The special forces are a potentially useful asset that can be used by the SADC Standby Force as a force multiplier, according to South African Army Colonel Renier Coetzee.
Coetzee, speaking on behalf of Brigadier General Rudzani Maphwanya, head of the South African Special Forces, at the Land Forces Africa conference in Pretoria last week, said that special forces elements were not part of the pledges to the SADC Standby Force, as they are being “kept close to the chest” due to their high value.
However, special forces teams would be able to provide the SADC Standby Force with unique capabilities, as they utilise “unconventional actions to resolve strategic problems.” Special forces offer a wide variety of capabilities such as reconnaissance, intelligence, offensive action, the protection of vital and strategic interests, the combating of terrorism, combat search and rescue and military capacity development.
“SADC special forces have proven themselves combat ready for deployment during the past four years,” Coetzee said. “SADC special forces are ready to take part in the SADC Standby Brigade.”
Each SADC member country has a special forces field of expertise awarded to it. “We have lots of experience we can offer to the SADC,” Coetzee said, as the special forces have done maritime operations, counter-insurgency training and next year will conduct anti-piracy training. A desert warfare multinational special forces exercise will be held in Namibia later this year – 350-500 special forces operators take part in an annual exercise and have done so for the last four years. Such joint training is a major asset as a greater understanding of climates and cultures can be attained and interoperability issues can be resolved.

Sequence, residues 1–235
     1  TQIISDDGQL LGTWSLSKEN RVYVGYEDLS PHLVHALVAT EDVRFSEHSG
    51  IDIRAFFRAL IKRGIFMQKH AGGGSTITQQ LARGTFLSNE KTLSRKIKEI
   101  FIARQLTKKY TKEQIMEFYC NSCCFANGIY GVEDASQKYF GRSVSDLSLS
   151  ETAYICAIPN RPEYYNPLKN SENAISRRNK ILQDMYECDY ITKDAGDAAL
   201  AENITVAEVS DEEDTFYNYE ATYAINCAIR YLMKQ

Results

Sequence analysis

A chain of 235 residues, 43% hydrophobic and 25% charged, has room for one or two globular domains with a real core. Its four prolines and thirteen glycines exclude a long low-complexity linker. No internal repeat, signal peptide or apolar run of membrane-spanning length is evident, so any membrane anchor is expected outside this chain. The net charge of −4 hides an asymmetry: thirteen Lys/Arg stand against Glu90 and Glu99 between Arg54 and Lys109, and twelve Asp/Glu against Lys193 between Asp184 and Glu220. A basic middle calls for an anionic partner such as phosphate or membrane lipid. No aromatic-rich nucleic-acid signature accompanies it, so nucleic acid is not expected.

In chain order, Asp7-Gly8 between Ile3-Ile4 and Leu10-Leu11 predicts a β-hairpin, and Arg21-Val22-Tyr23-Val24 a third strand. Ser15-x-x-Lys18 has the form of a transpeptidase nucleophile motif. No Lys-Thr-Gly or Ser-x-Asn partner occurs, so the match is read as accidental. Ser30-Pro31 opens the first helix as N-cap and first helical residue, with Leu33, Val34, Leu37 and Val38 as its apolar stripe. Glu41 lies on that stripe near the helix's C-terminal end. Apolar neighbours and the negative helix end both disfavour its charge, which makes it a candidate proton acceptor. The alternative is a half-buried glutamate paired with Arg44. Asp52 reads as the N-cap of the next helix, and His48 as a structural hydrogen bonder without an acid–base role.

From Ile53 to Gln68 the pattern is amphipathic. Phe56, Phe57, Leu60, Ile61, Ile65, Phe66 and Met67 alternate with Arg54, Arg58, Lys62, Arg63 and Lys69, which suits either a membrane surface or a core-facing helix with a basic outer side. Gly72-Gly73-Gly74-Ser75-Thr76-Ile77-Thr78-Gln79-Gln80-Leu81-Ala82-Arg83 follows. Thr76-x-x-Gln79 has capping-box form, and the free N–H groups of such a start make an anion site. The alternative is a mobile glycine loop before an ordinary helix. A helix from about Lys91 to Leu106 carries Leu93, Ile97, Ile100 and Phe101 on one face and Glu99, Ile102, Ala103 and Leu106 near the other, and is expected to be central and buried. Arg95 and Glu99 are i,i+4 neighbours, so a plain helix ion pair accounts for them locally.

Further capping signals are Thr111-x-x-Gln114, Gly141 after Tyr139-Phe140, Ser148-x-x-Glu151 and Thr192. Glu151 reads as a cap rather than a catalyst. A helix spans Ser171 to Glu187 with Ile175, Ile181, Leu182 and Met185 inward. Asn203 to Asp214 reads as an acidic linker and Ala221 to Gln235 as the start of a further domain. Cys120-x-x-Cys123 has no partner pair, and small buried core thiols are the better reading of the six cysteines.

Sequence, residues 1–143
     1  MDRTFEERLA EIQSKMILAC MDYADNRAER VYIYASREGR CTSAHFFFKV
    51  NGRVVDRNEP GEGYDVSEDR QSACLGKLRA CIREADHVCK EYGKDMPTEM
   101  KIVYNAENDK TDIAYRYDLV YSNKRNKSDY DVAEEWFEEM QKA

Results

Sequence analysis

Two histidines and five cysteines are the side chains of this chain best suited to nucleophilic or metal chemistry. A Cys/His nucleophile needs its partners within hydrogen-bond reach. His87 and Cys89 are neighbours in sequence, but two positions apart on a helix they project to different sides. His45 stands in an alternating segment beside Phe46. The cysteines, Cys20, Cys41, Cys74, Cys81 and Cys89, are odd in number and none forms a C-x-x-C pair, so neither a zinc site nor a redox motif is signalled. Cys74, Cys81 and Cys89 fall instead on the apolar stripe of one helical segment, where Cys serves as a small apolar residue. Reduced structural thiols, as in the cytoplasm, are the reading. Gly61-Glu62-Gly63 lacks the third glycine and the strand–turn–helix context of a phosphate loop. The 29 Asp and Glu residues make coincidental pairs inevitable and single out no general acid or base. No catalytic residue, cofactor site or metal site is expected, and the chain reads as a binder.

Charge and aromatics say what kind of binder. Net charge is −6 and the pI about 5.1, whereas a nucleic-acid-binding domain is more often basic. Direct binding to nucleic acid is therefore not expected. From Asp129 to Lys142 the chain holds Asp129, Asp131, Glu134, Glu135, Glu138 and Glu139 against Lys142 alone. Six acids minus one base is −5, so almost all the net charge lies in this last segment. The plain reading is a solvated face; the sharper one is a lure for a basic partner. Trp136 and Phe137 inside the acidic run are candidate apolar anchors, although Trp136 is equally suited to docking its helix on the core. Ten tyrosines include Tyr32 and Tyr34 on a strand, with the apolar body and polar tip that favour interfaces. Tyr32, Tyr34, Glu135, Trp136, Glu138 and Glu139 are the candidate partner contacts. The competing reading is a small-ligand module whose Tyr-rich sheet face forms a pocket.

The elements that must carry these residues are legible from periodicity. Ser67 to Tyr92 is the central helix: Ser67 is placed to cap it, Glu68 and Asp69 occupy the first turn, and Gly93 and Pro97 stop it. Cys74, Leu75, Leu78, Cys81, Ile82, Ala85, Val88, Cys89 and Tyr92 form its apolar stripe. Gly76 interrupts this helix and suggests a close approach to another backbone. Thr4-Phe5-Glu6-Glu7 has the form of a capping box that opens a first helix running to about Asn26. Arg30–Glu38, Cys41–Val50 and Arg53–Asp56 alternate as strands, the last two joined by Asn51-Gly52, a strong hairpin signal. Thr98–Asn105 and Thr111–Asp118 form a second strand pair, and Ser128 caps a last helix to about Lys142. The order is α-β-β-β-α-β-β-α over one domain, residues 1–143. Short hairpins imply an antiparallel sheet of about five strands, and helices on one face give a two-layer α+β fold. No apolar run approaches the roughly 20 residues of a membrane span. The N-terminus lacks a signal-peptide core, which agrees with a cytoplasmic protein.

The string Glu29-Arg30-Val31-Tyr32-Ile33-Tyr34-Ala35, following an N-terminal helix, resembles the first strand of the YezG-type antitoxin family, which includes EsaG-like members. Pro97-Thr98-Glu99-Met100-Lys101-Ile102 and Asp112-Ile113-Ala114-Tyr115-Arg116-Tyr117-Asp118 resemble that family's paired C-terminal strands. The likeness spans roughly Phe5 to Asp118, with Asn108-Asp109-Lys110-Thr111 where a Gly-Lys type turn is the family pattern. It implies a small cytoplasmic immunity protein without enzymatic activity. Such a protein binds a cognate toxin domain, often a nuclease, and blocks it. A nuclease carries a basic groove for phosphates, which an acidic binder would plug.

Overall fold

One of the greatest attributes the special forces are able to bring to the table is their ability to deploy at short notice, Coetzee said, and cut through red tape. South African Special Forces are on 25 hour standby and can react within eight hours. Coetzee said the Standby Brigade’s biggest issue is the 54 day long delay before it can deploy.
If France had not intervened in Mali, African forces would most likely still be procrastinating, defence analyst Helmoed Romer Heitman pointed out at the conference. He said it would be a good idea to establish a special forces capability at SADC headquarters.
Coetzee said that countries belonging to the African Union were slow in committing troops to the Standby Force, which came into being in 2007 when regional countries resolved to contribute troops in the form of a standby force to defence member states from revolts and aggression. It was originally supposed to be operational in 2010 but this has been postponed to 2014.
The Colonel suggested that in order to fast-track the deployment of forces, the right to decide whether to intervene should be held by a small group of people at the African Union, as this would expedite the process.